From vast prairies to towering mountains, Montana is a beautiful state to visit, rich with history and adventure. Situated in the northernmost part of the United States, the Big Sky Country calls to adventurers, offering a wide variety of activities. From climbing to soaring heights at its tallest point (Granite Peak, elevation 12,807 feet) to following rushing rivers to its lowest, there is no end to the beauty this great state has to offer. Now, let’s take a look at the lowest point in Montana and what makes it so special.
Troy: Montana’s Lowest Point
Nestled deep in the mountain valleys of northwestern Montana, a small town named Troy is the lowest point in Montana. With an elevation of only 1,820 feet, this gem of the Kootenai River is home to around 925 residents. Situated in Lincoln County, this town was originally a fishing village, where Kootenai (Kutenai), Salish, and Piegan Blackfoot tribes would meet. Now, it holds its place in history for other reasons, and you can read on to learn more about the town and its attractions!
History of Troy
In the 1880s, miners settled along the banks of the Kootenai River near the border of Montana and Idaho. By 1892, Troy was a registered town, and its population grew as work opportunities appeared with the construction of the Great Northern Railway. Miners and their families flocked to the area, excited about the prospect of a new life in a perfect place. Unfortunately, life in this town would not be as stunning as the rich, wild nature that surrounded it. In the 1920s, asbestos contamination from a local vermiculite mine would pose a decades-long local health issue. The mine, owned by W.R. Grace, would remain active until the 1990’s, polluting the entire around surrounding it.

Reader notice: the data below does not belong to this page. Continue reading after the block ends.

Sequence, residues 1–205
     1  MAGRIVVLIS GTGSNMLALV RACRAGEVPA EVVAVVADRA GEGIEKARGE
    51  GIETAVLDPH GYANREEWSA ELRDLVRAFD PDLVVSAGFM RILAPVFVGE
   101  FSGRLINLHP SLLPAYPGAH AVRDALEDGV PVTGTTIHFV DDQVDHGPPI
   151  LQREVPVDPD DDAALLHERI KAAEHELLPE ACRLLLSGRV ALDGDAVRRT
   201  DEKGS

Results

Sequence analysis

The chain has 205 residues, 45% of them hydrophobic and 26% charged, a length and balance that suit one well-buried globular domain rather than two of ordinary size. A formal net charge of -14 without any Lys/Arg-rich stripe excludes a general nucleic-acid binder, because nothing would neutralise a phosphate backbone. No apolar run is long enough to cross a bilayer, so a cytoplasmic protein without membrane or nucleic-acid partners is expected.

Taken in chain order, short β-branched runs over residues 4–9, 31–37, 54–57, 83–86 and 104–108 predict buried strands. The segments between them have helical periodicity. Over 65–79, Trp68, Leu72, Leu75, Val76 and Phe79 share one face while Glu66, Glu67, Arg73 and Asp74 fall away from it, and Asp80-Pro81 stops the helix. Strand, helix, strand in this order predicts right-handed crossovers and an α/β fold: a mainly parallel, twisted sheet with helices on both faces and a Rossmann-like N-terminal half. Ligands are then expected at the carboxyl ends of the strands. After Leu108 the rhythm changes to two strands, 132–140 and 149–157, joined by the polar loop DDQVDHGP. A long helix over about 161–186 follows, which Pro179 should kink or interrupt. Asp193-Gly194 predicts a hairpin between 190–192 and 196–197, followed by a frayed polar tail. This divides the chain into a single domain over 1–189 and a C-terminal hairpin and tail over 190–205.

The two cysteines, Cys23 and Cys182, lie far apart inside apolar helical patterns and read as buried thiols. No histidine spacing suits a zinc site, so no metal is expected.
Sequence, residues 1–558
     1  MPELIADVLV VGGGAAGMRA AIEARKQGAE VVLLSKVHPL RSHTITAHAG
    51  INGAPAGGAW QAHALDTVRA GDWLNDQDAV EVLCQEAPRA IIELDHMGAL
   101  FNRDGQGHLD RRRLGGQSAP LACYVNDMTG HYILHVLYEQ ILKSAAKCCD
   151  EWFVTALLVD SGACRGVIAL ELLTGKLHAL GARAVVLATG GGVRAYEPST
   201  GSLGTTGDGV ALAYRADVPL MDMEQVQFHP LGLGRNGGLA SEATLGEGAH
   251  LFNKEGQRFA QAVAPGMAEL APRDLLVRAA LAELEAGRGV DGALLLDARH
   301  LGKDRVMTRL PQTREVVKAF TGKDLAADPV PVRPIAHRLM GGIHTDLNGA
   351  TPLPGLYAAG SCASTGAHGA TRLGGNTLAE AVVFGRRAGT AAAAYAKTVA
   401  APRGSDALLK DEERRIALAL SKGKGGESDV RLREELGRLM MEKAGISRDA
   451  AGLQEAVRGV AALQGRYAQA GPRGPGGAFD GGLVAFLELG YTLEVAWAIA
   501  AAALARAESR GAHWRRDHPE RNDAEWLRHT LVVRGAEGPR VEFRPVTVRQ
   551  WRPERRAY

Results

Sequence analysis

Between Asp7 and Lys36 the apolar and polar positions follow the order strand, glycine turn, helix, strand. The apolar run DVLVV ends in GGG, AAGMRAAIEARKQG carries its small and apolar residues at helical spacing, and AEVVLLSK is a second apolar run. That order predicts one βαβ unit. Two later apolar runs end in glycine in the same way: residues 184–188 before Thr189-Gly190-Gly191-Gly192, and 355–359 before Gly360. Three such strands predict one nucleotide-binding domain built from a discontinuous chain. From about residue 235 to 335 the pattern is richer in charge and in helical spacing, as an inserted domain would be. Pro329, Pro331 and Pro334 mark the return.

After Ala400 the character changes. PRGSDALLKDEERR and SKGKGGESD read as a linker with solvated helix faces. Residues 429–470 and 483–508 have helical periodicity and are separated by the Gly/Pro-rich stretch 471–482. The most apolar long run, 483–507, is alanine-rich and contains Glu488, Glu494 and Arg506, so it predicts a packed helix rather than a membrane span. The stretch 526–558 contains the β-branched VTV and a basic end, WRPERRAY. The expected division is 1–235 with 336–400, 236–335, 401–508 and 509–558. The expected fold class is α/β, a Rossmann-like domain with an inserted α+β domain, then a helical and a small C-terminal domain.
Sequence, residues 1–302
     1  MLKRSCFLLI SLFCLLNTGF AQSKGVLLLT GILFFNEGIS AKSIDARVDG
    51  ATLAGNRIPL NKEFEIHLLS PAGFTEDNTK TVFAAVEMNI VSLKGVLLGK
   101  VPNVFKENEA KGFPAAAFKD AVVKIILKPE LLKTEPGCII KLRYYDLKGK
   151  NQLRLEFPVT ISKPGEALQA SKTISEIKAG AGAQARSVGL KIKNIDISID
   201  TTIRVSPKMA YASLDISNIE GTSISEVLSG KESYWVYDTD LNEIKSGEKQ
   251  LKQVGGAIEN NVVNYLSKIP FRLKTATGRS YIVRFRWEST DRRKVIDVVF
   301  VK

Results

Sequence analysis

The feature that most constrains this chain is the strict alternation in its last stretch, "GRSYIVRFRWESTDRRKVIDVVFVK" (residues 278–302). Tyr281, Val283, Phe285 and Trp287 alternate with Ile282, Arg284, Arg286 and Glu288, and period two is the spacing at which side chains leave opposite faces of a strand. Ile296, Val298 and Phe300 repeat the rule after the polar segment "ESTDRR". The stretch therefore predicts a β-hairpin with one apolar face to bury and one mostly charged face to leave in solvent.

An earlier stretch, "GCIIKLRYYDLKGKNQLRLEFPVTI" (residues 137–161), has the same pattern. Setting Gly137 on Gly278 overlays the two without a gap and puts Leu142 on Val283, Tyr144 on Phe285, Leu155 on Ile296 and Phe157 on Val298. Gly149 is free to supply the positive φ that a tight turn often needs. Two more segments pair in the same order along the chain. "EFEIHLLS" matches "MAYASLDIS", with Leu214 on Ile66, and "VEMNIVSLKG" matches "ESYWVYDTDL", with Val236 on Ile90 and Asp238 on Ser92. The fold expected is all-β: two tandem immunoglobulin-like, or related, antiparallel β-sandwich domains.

The town faced many more problems than contamination. A series of wildfires plagued Troy from 1906 to the end of the 1920s, burning many important buildings and large portions of the Kootenai National Forest. Despite this, the population of this town continued to grow until 1926. Unfortunately, Great Northern Railway relocated its local freight terminal, removing several jobs from the area. In the late 1920s, as the Great Depression hit, more people moved away. This resulted in a record-low population at the cusp of the 30s. After this, the town struggled to recover but slowly grew to its current numbers (925, 2021 census).
Environmental Protection Agency Intervenes
In 1999, the United States Environmental Protection Agency stepped in to investigate the contamination that had spread from the vermiculite mine. Findings from this investigation spurred the EPA into drastic action in 2002. They listed Troy as a matter of national priority and, in 2009, declared the very first EPA Public Health Emergency. Cleanup efforts began in 2000 and continued for 18 years. During this time, the EPA funded the cleanup of 2,600 homes and the removal of over one million cubic feet of contaminated soil. As 2018 came to an end, the EPA declared most of Troy safe from exposure risk. However, parts of the forest and areas near the mines still contain potentially high levels of contamination. In 2020, the EPA transferred oversight of the area to the Montana Department of Environmental Quality.
Geography and Climate of Troy
With breathtaking views and a friendly, small-town feel, it’s no wonder Troy has a steady stream of summer tourism. As mining and logging operations in the area dwindled, the town stayed on the map for its ideal location and pristine scenery. To the northeast, the Purcell Mountains stretch into British Columbia, Canada. This distinct part of the Rockies has a very high level of erosion and glacial activity. To the southwest, the Cabinet Mountains span over 2,000 square miles with peaks reaching heights of over 8,000 feet. Resting cozily on the banks of the Kootenai River between these two great ranges, Troy is home to Roosevelt Park, the Kootenay River Gorge, Ross Creek Cedar Trail, and many other delightful outdoor attractions.
Summers in Troy are hot and humid, with highs in the 80s, while winters are mild and temperate, with lows in the 20s. Due to its low elevation and its proximity to the Gorge, flooding is a common issue in Troy.